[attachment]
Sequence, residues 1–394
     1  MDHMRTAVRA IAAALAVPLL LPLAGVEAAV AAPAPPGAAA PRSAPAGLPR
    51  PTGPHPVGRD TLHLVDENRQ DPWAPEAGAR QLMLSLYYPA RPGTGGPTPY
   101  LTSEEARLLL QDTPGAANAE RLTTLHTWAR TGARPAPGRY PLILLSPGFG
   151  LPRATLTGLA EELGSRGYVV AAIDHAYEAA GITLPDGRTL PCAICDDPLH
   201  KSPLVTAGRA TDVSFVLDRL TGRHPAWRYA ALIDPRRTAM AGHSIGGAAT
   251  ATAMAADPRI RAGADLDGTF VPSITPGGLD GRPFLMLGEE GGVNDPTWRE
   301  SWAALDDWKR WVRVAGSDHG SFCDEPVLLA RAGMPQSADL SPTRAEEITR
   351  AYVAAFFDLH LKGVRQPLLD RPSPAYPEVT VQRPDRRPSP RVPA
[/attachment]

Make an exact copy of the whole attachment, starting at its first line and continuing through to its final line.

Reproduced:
Sequence, residues 1–394
     1  MDHMRTAVRA IAAALAVPLL LPLAGVEAAV AAPAPPGAAA PRSAPAGLPR
    51  PTGPHPVGRD TLHLVDENRQ DPWAPEAGAR QLMLSLYYPA RPGTGGPTPY
   101  LTSEEARLLL QDTPGAANAE RLTTLHTWAR TGARPAPGRY PLILLSPGFG
   151  LPRATLTGLA EELGSRGYVV AAIDHAYEAA GITLPDGRTL PCAICDDPLH
   201  KSPLVTAGRA TDVSFVLDRL TGRHPAWRYA ALIDPRRTAM AGHSIGGAAT
   251  ATAMAADPRI RAGADLDGTF VPSITPGGLD GRPFLMLGEE GGVNDPTWRE
   301  SWAALDDWKR WVRVAGSDHG SFCDEPVLLA RAGMPQSADL SPTRAEEITR
   351  AYVAAFFDLH LKGVRQPLLD RPSPAYPEVT VQRPDRRPSP RVPA